Although the Marché Gambetta food and textiles and other wares, the Marché Forville has only food – freshly baked bread from neighborhood bakeries, house-cured saucissons and homemade pates from area boucheries, fish caught that morning in surrounding waters, and just-picked fruits and vegetables by local farmers. The produce is fiercely local, with a veritable bounty of beautiful and various kinds of asparagus, artichokes, and strawberries, but not so much in the way of snow peas, bean sprouts, Chinese broccoli, or the like.

After some perusing, I decided to go in the direction of making ginger and citrus marinated chicken legs with a side of gingered veggies. We already had soy sauce, honey, and sesame oil at the the apartment, so I picked up chicken legs, ginger, an orange, a lime, and green onions for the chicken itself, and green beans, onions, and carrots for the side of veggies.

Ingredients for Ginger Citrus Chicken (serves 3):

  • 3 chicken skin-on, bone-in chicken quarters, legs and thighs attached
  • Juice (and pulp) of half a large orange
  • Juice of half a lime
  • 4 plump cloves of garlic, minced
  • 4 ounces of ginger, peeled and grated
  • 2 tablespoon of soy sauce
  • 2 tablespoons of honey
  • 2 tablespoons of orange marmalade
  • 2 half-tablespoons of sesame oil
  • Sea salt to taste
  • White pepper to taste

Directions for Ginger Citrus Chicken (serves 3):

  • Pre-heat oven to 400 degrees.
  • Rinse chicken in cold water and pat dry.
  • Rub chicken with a little sea salt and white pepper then set aside.
  • In a medium bowl, combine all ingredients above except chicken and one half-tablespoon of sesame oil and mix well. Have a wee taste. Do not be alarmed if the marinade seems very spicy (from the ginger) or very garlicky (duh – from the garlic) – these flavors will mellow out with cooking. In fact, you might even want to add a little more for that extra zing. If you desire more sweetness, add more honey. If you want more tartness, add more lime. If you want more saltiness, add more soy sauce or a pinch of salt.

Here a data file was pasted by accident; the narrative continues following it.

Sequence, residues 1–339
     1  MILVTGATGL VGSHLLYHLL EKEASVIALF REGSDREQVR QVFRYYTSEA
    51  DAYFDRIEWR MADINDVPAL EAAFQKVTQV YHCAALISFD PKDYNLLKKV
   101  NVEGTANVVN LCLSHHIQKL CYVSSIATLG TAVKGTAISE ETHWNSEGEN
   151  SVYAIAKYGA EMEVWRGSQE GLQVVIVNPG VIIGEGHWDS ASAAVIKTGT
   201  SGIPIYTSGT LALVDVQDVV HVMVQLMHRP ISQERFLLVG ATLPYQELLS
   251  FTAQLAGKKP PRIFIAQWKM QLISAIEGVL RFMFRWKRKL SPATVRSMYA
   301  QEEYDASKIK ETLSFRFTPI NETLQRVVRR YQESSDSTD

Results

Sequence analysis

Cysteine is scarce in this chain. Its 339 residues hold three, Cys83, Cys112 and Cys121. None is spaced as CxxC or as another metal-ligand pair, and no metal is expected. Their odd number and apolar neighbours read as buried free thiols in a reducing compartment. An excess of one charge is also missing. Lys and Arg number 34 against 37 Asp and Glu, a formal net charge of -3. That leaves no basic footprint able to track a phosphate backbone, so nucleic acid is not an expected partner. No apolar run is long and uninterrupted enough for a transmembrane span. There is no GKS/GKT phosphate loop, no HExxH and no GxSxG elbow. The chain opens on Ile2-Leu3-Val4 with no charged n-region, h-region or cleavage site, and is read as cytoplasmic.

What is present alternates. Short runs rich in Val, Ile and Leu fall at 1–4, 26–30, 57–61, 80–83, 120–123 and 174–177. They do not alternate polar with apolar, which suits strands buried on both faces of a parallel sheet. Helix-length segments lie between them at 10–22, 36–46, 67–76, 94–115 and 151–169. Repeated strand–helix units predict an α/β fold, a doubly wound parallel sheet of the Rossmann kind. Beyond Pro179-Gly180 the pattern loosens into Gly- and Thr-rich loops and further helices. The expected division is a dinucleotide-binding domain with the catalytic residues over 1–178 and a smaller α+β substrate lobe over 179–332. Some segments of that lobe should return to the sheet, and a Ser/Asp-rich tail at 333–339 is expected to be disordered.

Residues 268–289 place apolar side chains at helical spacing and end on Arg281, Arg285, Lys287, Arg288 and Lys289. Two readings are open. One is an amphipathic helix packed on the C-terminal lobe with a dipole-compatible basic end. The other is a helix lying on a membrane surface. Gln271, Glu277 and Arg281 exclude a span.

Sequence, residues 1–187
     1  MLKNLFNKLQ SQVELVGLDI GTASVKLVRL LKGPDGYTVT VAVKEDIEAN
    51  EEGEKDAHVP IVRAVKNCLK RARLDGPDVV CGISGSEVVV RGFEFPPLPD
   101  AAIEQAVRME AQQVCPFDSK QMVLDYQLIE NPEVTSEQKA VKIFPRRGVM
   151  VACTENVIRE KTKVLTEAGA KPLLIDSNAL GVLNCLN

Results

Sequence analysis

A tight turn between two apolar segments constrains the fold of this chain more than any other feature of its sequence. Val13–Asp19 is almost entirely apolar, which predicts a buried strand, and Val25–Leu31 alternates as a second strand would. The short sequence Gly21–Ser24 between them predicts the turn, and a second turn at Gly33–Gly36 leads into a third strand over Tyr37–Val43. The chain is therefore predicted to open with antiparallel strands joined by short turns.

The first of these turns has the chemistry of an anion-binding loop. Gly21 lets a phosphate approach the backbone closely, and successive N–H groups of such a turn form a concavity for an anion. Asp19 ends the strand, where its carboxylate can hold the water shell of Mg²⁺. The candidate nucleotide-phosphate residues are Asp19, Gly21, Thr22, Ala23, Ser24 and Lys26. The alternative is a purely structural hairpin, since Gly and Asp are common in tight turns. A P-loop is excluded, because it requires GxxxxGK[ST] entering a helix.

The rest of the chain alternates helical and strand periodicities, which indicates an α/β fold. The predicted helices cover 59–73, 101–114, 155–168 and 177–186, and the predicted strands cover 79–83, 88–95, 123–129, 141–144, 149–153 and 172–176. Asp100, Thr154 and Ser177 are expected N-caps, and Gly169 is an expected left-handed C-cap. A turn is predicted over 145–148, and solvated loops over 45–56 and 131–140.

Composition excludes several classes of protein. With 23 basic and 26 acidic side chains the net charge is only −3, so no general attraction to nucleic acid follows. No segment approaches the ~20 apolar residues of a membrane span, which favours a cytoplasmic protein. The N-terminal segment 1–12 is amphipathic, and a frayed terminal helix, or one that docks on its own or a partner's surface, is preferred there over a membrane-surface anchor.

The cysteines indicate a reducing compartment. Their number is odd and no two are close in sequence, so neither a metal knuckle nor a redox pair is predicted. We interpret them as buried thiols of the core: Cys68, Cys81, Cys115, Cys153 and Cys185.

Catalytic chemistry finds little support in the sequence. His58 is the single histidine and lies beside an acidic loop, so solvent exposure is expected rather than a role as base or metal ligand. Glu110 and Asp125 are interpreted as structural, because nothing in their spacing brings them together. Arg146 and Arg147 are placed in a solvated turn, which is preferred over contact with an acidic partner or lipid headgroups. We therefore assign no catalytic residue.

• Once satisfied with your marinade, arrange your chicken quarters in a baking dish.
  • Pour the marinade onto the chicken quarters, and with your hands and/or a spoon, separate the chicken skin from the meat, and make sure the marinade gets all up in there.

  • Slice green onions into long strips and scatter atop the chicken. This is purely aesthetic. I just liked the splash of green.
  • Slice up leftover orange and lime for garnish. Waste not, want not! Marinate in refrigerator for two to eight hours, but remove from refrigerator and allow it to come to room temperature before baking.

  • Bake chicken in oven for 40 minutes.
  • After 25 minutes, remove chicken from oven briefly and drizzle tops with remaining half-tablespoon of sesame oil to crisp up the skin.

While the chicken was cooking, we enjoyed some of our other market goodies: charcuterie!

This monstrous loaf is called “Pâté croute de pintade fermiere aux morilles” (or for you non-French speakers: “country-style crusted pâté of guinea fowl with morels.” It comes in the shape of a loaf, and consists of myriad different preparations of myriad innards of the guinea fowl with pistachios and morels, all rolled up and baked in a rich, buttery crust. This pretty baby cost 27.80 euros per kilo (but this thin slice only set me back 4 euros or so).

As the chicken was about to finish cooking, I sauteed slivers of onion in sesame oil until translucent, then added green beans (trimmed), and strips of carrot. When everything was just cooked through but still crisp, I added a little soy sauce and some Tabasco (for a kick of spice and vinegar).

Mmm… Then it was time for dessert, and for this glorious occasion, we had picked up a vanilla creme brulee and a chocolate mousse topped with chocolate pop rocks (they were explosive – never had anything like it!) from the best chocolatier in town: L’Atelier Jean-Luc Pelé.

It was a sweet end to a sweet week, and we slept like babies that night… at least until we had to wake up at 3:45 am to catch a cab to the Nice Airport. Until next time…